Discuss public liability in connection with the reform of the deposit insurance system
iv) Foreign Currency Lending
A number of important measures have already been taken, prior and during the FSAP, which are aimed at:
- Informing consumers very clearly about features and risks of some instruments used for foreign currency lending. Also, through extensive public debate on the subject, both the FMA and the OeNB have created public awareness of the issue.
- Obliging banks to ascertain fully the information level of their customers
- Publishing guidelines on this issue
- Finally, the FMA is also considering some legal steps to enhance client information and ensure risk awareness of consumers.
4. Anti Money Laundering
The FSSA shows that Austria has achieved a high level of compliance with the FATF 40+8 Recommendations for AML/CFT. There has been substantial progress in the last years, as a result of important legal amendments and an active policy by the FMA, as well as acute awareness and support from the private sector. Moreover, the FSAP-process has also provided an important incentive for Austria to further review and enhance its AML/CFT regime consistent with international best practices, and implement additional active monitoring measures.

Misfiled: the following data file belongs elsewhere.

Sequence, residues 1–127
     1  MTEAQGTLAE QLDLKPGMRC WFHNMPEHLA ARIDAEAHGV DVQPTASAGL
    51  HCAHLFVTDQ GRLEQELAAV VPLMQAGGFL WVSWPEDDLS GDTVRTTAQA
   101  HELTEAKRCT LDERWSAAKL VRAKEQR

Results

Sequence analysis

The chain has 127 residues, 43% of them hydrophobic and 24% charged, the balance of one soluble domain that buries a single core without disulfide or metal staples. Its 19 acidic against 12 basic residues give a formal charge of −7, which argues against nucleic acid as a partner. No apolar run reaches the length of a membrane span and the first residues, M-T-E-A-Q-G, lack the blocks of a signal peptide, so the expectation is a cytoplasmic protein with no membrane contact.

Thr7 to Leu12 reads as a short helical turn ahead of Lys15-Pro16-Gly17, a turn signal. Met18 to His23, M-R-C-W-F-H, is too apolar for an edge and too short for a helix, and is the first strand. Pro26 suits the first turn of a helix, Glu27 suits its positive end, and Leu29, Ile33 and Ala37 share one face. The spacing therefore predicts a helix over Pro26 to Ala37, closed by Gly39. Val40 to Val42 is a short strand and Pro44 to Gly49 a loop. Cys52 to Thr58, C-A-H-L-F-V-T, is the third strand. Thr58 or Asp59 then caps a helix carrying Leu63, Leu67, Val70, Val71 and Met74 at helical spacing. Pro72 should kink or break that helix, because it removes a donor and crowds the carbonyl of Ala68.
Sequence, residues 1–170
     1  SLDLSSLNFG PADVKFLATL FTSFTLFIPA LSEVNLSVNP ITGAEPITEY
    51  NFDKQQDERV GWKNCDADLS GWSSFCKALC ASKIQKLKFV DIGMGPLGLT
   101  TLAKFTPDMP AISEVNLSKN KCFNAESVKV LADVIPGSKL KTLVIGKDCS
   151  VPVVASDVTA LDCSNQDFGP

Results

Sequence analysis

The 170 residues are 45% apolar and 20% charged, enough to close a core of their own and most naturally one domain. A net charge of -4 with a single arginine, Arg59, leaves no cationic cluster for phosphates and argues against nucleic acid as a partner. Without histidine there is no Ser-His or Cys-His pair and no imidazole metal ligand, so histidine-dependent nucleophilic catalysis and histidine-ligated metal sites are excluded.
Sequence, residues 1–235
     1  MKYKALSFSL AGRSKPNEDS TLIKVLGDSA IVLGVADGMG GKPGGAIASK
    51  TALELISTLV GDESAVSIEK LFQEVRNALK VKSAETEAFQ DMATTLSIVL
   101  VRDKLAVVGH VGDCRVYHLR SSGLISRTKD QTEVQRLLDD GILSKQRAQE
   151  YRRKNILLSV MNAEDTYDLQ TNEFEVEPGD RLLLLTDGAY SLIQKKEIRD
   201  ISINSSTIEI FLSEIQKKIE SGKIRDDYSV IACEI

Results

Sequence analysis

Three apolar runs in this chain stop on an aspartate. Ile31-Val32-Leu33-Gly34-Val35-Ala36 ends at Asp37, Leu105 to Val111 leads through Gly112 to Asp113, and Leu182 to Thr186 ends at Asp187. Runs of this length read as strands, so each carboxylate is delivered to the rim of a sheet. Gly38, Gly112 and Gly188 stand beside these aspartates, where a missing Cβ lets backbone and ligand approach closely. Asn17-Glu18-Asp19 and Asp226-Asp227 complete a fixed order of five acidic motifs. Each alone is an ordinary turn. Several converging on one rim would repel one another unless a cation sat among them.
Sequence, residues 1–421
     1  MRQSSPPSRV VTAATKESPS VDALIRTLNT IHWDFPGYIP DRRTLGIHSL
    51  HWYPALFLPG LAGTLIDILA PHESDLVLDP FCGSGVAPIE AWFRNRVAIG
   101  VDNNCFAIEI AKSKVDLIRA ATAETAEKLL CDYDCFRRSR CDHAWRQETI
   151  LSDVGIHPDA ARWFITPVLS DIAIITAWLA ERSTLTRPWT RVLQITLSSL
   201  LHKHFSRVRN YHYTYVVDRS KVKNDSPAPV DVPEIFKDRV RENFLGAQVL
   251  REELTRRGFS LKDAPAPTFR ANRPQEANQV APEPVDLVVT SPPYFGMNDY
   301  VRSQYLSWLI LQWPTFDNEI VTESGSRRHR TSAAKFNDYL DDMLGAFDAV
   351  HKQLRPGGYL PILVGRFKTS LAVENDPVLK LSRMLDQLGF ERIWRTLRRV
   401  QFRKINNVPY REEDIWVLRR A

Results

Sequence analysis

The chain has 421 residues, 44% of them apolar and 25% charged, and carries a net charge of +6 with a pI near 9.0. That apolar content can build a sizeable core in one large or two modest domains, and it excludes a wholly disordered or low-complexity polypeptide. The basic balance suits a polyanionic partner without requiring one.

Many of the recommendations in the report are already being actively implemented in Austria. Further guidance notes are currently being drafted by the FMA. The FIU shares practical knowledge in a very pro-active policy of seminars and awareness-raising meetings with financial institutions, and the onsite inspections program has been both intensified and increased. Also, Austria, as part of the EU, is actively working on a common implementation of the new 40 Recommendations (2003) to improve its system further.
Finally, we would like to underline that, as a member of the European Union, Austria is actively engaged in the further development of a number of projects related to all the assessed sectors, and expects that many of the suggestions of the IMF will be implemented in Austria either through the implementation of already existing EU Directives such as the Market Abuse Directive, or the Prospectus Directive, and the Investment Services Directive II (Financial Instruments Market Directive) or through the implementation of documents that are still under discussion such as the Basel II Directive or the 3rd Anti Money Laundering Directive.